Hat Blocker to Go
Sun, Jun 16, 19
I had put an ad in the hat trade paper advertising with my new profession: "Hat block maker".
I got a few hits locally and started on my path. Then I got this phone call from a hat company in Colombia. They needed new blocks made; they wanted to revamp their look. So after a series of conversations, I suggested that instead of going back and forth on the new designs, and since my tools were all portable, why didn't they fly me to Bogota and I could do all the work on their premises? They went for it.
I packed my grinder some wood rasps and my contour gauge. I was on my way. It was the early 90's and Columbia was going through some serious political turmoil.
The Paramilitaries were aggressive, the militia was running rampant. A perfect spot for an adventurous block maker. I landed in the evening, and their driver picked me up. The city of Bogota was definitely a military zone. There were checkpoints every mile and the streets were abandoned. We arrived at the InterContinental hotel in downtown Bogota. The driver checked me in and suggested I stay at the hotel and have my drinks and food in house. I did.
The next day the owner of the factory came to my hotel to discuss the new molds. We went out for breakfast and it was like we were political figures. We were accompanied with these two large, suited bodyguards. I thought this was very strange. “What’s up with the goons?” I asked him. He replied because he was an affluent owner of a large company, he was a target for kidnappings.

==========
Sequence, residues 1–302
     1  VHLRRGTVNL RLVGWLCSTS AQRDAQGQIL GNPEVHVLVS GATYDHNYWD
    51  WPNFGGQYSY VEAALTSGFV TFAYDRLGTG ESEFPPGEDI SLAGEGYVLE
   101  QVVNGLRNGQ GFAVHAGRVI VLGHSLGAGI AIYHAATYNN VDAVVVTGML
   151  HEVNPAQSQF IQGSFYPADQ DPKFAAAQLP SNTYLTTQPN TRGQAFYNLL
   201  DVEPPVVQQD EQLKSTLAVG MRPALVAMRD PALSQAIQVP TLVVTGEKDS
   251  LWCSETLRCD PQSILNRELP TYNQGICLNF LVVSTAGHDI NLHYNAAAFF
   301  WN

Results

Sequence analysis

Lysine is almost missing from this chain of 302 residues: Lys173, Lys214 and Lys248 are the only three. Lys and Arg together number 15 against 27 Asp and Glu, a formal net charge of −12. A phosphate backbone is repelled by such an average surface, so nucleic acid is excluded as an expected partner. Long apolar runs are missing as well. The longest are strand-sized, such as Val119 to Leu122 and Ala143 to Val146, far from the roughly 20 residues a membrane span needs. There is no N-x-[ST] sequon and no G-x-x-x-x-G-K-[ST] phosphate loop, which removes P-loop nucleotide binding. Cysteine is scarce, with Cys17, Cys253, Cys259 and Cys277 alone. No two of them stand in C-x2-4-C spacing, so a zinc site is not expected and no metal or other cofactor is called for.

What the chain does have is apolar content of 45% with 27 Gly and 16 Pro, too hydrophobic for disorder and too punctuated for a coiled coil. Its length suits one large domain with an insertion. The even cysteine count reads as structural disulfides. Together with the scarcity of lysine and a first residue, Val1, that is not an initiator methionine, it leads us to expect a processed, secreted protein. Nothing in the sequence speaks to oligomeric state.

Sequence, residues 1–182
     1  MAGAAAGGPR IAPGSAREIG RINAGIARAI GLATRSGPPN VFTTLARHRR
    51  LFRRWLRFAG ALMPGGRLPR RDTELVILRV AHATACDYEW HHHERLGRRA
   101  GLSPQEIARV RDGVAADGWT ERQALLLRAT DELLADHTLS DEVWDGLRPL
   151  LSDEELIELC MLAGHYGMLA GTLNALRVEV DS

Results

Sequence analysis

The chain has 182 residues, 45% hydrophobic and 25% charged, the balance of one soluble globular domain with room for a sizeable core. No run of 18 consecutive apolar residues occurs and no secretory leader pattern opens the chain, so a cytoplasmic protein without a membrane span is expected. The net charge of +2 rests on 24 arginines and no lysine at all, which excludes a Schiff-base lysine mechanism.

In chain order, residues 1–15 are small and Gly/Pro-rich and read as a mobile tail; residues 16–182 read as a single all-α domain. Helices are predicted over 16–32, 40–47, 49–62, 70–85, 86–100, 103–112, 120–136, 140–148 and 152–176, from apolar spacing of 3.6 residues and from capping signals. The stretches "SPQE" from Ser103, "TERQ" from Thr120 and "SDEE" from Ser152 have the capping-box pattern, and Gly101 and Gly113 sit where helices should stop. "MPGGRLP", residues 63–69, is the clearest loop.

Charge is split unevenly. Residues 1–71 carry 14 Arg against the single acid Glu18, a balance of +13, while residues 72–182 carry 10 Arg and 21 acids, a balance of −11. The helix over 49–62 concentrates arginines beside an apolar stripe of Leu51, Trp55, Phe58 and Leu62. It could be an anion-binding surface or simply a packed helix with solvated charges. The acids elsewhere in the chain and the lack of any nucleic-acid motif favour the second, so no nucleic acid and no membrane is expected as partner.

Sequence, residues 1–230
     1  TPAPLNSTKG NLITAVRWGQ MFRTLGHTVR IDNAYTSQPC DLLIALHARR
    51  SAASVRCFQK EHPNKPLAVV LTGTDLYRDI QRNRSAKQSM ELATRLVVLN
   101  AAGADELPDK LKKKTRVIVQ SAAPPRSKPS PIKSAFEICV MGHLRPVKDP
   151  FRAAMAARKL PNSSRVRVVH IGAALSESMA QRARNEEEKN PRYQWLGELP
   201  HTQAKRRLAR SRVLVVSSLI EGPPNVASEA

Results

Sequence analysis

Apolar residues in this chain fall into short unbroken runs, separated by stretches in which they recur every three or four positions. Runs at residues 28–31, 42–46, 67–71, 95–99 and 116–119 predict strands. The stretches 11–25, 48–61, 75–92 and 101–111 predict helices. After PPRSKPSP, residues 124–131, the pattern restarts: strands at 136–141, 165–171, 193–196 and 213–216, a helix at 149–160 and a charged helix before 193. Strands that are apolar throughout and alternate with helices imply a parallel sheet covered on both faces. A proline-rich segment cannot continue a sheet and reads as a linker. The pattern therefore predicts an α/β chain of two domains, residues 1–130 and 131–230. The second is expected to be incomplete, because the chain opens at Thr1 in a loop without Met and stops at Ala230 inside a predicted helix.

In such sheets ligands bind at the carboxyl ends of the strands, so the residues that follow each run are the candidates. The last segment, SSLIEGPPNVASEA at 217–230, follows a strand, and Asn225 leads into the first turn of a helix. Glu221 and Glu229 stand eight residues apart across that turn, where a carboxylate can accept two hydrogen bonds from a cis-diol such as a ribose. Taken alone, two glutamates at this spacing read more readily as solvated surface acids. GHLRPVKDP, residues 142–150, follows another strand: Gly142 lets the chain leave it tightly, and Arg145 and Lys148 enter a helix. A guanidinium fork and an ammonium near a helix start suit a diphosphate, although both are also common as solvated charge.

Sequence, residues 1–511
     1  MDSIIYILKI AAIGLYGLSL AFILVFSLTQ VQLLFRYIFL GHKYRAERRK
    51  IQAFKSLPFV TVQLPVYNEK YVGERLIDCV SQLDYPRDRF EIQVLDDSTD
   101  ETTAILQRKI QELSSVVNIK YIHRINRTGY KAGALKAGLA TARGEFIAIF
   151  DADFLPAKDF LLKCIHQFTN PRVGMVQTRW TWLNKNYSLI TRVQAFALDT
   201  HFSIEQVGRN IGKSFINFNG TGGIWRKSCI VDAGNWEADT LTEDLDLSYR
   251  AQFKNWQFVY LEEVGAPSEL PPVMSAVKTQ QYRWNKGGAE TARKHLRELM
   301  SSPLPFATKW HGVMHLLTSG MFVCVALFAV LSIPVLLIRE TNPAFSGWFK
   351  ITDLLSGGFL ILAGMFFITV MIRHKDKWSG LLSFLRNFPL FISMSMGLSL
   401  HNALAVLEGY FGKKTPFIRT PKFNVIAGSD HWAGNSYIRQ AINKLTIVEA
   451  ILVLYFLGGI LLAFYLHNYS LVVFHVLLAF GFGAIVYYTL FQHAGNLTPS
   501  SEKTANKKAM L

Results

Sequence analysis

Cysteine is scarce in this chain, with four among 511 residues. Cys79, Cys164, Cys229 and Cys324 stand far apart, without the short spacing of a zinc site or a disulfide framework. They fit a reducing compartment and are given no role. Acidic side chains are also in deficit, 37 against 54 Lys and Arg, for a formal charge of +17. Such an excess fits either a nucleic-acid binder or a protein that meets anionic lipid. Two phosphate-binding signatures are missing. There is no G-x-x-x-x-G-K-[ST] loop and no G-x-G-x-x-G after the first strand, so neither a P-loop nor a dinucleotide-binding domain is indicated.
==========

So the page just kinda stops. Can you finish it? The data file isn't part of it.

After our breakfast, he took me back to the hotel and I sketched new shapes for a couple of hours. About early evening I was bored so I decided to walk in the town and check it out. Well, as I was walking out the door, the porter asked me where I was going. I responded: “into town”. He advised me to take a “hotel chaperone.” I nixed the idea and headed in.
There was a bus stop in front of the hotel, so I jumped on and took it wherever it was headed. I felt like I was an alien. Everyone stared at me. So I got into town, found the marketplace and had a bite to eat. It was late afternoon by then and people were scurrying around anxiously. There was a sense of fear and desperation. I asked the girl who had served me: “what’s with the tension in the air?” She responded there is a curfew and there had been bombings the last few days. So I grabbed a beer and explored. The evening was setting fast and the darker it got, the fewer the people I saw. Until at one point it was as if I had the city to myself.
Soon a group of military stopped me and asked me for my papers, but I hadn’t brought them. I told them that I was staying at the "Inter" and that they could verify my accommodations.
They started searching my bag, found my Walkman and asked what it was. I had been listening to some Talking Heads “Burning Down the House” -- the young captain must have known the tune and broke a smile, he muttered on the “road to nowhere" and we connected. He asked me to join him in the truck and we talked music all the way back to hotel.
He suggested watching the curfew, and if I ran into trouble mention his name: “Captain Javier Solis, like the singer. "